posted on Jul, 20 2015 @ 04:55 PM
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originally posted by: Dfairlite
I'm not sure where you get your information, but you should find a new source.

Incomes by education level: link link link


51% of graduates are in non degree requiring jobs
www.careerbuilder.com...

25% unemployed among recent grads, 44% in non degree jobs
www.slate.com...

Recent college grads are triple the national unemployment rate. 58% earn the mean wage or better, vs 80% 25 years ago.
www.newsweek.com...
As for the unemployment rate of college graduates:

36% "mal-employment" rate, taking such jobs will negatively impact your earnings for decades, despite the education
money.cnn.com...

That's for a bachelors.

Here, start playing with this, it's pulling data from BLS.
www.whatsmypercent.com...

You're more likely to make $30,000 as a high school graduate than with an Associates. The same is true at $40,000.



posted on Jul, 20 2015 @ 04:56 PM
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originally posted by: Dfairlite
So why do we have fewer people working for minimum wage today, than we did in the 50's?


Because the minimum wage has gone down in value. There are far more working today with less purchasing power than the 1950's minimum wage. Nearly 40% of the country has less purchasing power than a person working as a McDonalds burger flipper in 1955.



posted on Jul, 20 2015 @ 05:04 PM
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a reply to: Aazadan



51% of graduates are in non degree requiring jobs


That doesn't mean minimum wage jobs.



25% unemployed among recent grads, 44% in non degree jobs


This is better than your other link where 51% were in non-degree jobs



Recent college grads are triple the national unemployment rate. 58% earn the mean wage or better, vs 80% 25 years ago.


Are you surprised? I mean there are far more people with degrees and almost infinitely more people with useless degrees when compared with 25 years ago.

None of this changes the fact that as a whole, people who have an education or a skill make more money and have a better employment rate than those who don't.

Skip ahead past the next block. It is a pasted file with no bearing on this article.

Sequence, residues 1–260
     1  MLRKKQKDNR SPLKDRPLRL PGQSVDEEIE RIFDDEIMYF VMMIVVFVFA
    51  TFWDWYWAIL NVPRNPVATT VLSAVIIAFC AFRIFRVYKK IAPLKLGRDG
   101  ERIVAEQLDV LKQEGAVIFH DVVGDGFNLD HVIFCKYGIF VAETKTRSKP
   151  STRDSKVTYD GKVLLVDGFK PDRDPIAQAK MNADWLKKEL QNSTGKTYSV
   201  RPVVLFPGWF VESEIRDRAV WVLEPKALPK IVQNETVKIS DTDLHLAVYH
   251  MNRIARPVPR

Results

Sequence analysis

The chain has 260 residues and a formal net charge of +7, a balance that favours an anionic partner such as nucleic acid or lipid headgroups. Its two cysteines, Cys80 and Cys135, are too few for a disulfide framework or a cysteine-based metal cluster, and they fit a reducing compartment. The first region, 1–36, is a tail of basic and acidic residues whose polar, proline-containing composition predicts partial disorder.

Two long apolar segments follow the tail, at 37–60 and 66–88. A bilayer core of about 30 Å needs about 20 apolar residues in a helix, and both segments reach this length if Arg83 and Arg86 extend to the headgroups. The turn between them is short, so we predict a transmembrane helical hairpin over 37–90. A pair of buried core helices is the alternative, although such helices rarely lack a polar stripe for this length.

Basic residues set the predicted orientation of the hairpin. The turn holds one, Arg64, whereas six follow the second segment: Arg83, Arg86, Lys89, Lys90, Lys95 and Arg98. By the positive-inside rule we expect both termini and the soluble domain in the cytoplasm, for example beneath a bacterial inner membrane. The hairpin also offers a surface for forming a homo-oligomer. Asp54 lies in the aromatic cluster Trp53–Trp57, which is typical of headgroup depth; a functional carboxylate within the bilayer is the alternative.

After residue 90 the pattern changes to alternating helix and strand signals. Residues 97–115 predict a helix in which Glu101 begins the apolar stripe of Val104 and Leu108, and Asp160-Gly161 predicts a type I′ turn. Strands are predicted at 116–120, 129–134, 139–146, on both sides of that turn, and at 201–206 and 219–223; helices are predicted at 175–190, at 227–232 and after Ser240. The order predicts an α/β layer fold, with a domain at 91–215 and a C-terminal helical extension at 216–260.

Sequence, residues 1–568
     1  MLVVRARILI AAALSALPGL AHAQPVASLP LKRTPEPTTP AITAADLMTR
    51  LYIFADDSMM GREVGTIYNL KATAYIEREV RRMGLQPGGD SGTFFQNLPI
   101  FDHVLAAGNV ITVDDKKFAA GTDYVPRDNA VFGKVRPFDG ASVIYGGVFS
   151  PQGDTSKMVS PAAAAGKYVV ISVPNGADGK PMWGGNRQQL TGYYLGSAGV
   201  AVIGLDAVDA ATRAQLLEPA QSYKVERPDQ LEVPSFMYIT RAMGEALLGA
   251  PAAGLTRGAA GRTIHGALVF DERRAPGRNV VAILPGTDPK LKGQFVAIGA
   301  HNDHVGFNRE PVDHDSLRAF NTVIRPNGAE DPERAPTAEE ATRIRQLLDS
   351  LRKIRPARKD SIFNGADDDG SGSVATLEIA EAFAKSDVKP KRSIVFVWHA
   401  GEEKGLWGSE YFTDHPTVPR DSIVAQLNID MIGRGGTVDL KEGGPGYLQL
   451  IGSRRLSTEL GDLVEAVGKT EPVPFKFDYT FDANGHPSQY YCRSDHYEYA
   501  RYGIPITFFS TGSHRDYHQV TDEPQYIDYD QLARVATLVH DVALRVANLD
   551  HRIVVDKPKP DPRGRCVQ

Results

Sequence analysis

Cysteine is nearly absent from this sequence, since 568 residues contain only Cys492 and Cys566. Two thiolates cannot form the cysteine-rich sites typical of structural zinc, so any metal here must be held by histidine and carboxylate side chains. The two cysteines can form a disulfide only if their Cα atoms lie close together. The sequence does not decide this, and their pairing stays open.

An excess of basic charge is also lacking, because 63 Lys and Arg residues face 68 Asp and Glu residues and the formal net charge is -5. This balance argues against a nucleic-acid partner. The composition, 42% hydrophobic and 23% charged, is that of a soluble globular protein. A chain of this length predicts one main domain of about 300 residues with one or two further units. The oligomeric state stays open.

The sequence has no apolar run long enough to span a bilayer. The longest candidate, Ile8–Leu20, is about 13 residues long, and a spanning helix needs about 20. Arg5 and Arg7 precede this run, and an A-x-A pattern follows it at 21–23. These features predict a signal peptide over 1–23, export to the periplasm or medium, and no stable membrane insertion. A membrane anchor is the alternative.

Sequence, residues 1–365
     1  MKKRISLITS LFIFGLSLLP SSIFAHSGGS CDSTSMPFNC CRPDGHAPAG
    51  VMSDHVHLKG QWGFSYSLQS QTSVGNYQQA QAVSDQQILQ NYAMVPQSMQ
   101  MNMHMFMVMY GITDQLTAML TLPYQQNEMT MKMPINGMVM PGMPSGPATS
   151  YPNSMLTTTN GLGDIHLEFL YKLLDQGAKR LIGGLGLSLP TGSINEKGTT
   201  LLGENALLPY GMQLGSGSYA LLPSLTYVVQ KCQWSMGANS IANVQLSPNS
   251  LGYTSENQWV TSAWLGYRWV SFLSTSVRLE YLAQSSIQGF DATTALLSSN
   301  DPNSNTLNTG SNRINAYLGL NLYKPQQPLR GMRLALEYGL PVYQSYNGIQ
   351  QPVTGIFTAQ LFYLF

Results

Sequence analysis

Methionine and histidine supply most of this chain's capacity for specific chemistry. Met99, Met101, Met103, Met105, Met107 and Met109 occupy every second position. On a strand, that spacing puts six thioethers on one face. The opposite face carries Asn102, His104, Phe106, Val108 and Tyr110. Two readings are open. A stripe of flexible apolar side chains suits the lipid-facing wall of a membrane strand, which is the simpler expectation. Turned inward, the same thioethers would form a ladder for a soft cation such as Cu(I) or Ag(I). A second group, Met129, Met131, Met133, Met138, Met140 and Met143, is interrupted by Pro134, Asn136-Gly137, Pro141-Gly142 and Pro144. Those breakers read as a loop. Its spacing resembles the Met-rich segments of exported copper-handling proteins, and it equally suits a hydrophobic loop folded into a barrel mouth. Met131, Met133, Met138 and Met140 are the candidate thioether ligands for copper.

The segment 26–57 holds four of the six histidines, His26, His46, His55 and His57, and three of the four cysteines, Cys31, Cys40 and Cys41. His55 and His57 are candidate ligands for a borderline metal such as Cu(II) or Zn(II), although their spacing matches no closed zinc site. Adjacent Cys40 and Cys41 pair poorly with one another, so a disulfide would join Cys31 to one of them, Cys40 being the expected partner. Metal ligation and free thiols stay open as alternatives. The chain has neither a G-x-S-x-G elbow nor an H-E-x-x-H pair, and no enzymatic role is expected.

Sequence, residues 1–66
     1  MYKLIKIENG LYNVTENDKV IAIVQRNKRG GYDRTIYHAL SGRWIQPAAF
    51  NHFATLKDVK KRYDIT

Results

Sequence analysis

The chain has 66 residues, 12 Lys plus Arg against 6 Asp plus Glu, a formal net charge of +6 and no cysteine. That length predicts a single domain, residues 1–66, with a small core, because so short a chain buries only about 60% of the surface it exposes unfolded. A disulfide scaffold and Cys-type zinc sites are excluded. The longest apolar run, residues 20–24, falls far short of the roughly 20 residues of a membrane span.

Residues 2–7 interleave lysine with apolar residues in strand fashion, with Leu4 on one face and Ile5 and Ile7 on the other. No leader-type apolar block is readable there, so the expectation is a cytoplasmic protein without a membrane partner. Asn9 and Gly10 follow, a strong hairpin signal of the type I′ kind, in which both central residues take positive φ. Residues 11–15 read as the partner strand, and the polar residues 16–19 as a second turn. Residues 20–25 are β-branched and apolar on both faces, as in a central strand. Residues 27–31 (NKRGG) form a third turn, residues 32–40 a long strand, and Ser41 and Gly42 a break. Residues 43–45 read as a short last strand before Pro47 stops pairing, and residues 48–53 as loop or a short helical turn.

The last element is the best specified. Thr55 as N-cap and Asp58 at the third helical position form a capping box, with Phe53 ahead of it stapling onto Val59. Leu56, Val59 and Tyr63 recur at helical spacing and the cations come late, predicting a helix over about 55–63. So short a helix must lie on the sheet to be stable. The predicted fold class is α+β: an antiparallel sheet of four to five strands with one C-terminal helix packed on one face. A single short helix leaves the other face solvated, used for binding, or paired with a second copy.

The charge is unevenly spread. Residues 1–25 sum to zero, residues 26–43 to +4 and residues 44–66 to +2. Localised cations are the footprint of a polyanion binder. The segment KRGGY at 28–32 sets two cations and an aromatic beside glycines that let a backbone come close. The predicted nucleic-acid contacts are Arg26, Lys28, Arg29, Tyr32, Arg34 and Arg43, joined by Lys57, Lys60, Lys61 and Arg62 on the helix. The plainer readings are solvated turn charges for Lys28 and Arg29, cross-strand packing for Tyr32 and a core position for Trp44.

You're more likely to make $30,000 as a high school graduate than with an Associates. The same is true at $40,000.


You're more likely to get a minor injury in a car crash while wearing a seat-belt, too.



posted on Jul, 20 2015 @ 05:06 PM
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originally posted by: Aazadan

originally posted by: Dfairlite
So why do we have fewer people working for minimum wage today, than we did in the 50's?


Because the minimum wage has gone down in value. There are far more working today with less purchasing power than the 1950's minimum wage. Nearly 40% of the country has less purchasing power than a person working as a McDonalds burger flipper in 1955.


So wages aren't trending toward the minimum then. Inflation is killing wages is what you're saying. I whole heartedly agree. And what causes inflation? Government spending money it doesn't have!



posted on Jul, 20 2015 @ 05:07 PM
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originally posted by: Dfairlite
I love the irony that you can see that landlords would pass on property taxes but fail to see that business owners pass on wage increases.


The additional cost of wage increases isn't a 1:1 correlation with higher pay. Labor costs are typically 33% of a businesses expenses, a 10% increase in wages results in a 10% increase on that 33% or 3.33% increase in the cost of the product. Now people are earning 10% more but only paying 3.33% more. Your assertion would only be true if a 10% increase in the cost of labor resulted in a 10% or greater increase in the cost of goods. This doesn't happen however because labor is not the only factor in determining the price of something.


originally posted by: Dfairlite
Budgeting is 90% controlling emotion, 10% math. Anyone who masters their emotional discipline will get rich if they so choose.


Not true. I will probably never earn more than minimum wage in my life. The job market can not support it, every day my job prospects get worse, and even if I were to beat the odds and gain even a middle class wage, all that means is that someone else ends up in my place and doesn't. Lets use a small example and look at it from a macro perspective. If there are 10 good jobs and 100 people to fill them, 10 people get a good job and 90 don't. One of those 90 can work really hard and get one of those 10, but that simply displaces one of the original 10 and it's still a 10/90 split. This is what the economy is like right now, except instead of 10 good jobs over time we're trending downwards to 9, then 8, then 7, and so on.



posted on Jul, 20 2015 @ 05:08 PM
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originally posted by: Kali74
a reply to: Thecakeisalie

We should all be in the streets, not rioting but just there, in our squares. Our real economic power would show if we did it, I mean really did it. Everyone making under 22/hr (USD), which is what the minimum wage should be, should be out on the streets en masse for 2 days, all over the world. The entire world economy depends on us and we are pooped on.



"occupy" tried that...it was infiltrated, had less minutes in media coverage than the taking down of the confederate flag, police used city vagrancy laws to arrest hundreds......when you have a few tight-ass corporations raising wages beyond the federal minimum for their own workers, as opposed to our own congress not raising the federal minimum wage for all workers????....something is wrong.